History of Science meets Book History

Student manuscript (Wm. Spink, c.1697-1731)
Student manuscript (Wm. Spink, c.1697-1731) Image Credit: NMM

Sailing School: Navigating Science and Skill, 1550-1800 (Johns Hopkins University Press, 2019)

Recent and Forthcoming Articles

“Sailors, States, and the Creation of Nautical Knowledge,” in  A World at Sea: Maritime Practices in Global History, 1500-1900 (University of Pennsylvania Press), edited by Nathan Perl-Rosenthal and Lauren Benton. In this chapter, Schotte argues that navigation should be seen as a knowledge-making practice, and highlights how four nation-states, specifically England, the Netherlands, France and Russia, responded to a set of common problems with remarkably different scientific and technical solutions.

“Nautical Manuals and Ships’ Instruments, 1550-1800: Lessons in Two and Three Dimensions.” An invited chapter on ship’s instruments for The Routledge Research Companion to Marine and Maritime Worlds, 1400-1800 (Routledge, 2020), edited by Claire Jowitt, Craig Lambert, and Steve Mentz.

“Distilling Water, Distilling Data: Questionnaires in Dutch East India Company Record-keeping.” Intellectual History Review 32.3 (July 2022): 531-551. Special issue edited by Richard Yeo and Daniel Midena. A case study for a special issue of IHR devoted to the history of the questionnaire. In this analysis of careful reports back to a central authority, we see how the men in charge of day-to-day operations shaped an innovative water-purification technology–and ultimately caused its failure.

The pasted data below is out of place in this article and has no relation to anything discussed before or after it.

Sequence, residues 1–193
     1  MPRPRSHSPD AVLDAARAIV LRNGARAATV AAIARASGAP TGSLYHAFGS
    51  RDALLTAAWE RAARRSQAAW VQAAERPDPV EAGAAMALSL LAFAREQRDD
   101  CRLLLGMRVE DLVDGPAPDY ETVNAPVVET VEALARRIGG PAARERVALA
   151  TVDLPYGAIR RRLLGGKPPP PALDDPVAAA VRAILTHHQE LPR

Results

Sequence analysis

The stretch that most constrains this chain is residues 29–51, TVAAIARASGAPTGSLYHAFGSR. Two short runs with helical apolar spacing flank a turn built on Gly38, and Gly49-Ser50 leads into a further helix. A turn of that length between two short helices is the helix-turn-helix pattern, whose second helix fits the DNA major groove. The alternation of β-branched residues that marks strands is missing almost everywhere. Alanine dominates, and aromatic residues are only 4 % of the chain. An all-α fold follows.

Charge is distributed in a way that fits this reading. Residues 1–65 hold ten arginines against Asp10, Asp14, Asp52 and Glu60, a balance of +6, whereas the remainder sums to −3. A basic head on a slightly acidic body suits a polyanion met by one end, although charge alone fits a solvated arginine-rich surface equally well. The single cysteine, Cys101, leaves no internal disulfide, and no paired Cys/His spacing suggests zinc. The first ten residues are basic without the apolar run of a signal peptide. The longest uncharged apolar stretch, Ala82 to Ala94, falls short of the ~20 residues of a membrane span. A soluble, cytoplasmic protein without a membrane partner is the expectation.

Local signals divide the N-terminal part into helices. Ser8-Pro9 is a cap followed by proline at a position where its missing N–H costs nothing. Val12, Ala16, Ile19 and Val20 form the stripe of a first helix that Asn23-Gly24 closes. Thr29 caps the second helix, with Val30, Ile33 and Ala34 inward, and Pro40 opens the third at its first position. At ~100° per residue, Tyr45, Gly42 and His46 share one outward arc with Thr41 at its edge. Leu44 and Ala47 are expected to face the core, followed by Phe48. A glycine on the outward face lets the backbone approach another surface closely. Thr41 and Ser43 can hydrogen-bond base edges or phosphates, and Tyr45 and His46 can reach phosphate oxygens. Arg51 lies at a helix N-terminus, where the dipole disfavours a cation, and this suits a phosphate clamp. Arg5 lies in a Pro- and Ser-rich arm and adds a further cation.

“Navigational Exams in the Early Modern Period” in Philip Beeley and Christopher Hollings, Beyond the Academy: The Practice of Mathematics 1600-1850 (Oxford University Press, forthcoming 2024)

Works in Progress

Sailing for the French: Labour, Trade, and Mobility in the Indian Ocean World, a research project funded by a 5-year SSHRC Insight Grant. This programme includes both a historical GIS database and a related book-length microhistory project centring on the Prince de Conti, a French merchant ship that sailed on a trading venture to India in 1754-56. The project draws on French East India Company records along with a cache of fortuitously preserved “Prize Papers” to trace the training of skilled European and Asian mariners, with the goal of understanding how they applied complex mathematics at sea. It will produce an innovative comparative European and Indian Ocean maritime history by creating new visualizations of labour and commerce while foregrounding issues of race and colonialism in French maritime history.

Other research interests

Globes, engineering, history of mathematics, history of education, diagrams and illustrations.

Schotte has also written on Samuel Pepys, Simon Stevin, the Baron de Lahontan, and hydrography lessons in New France.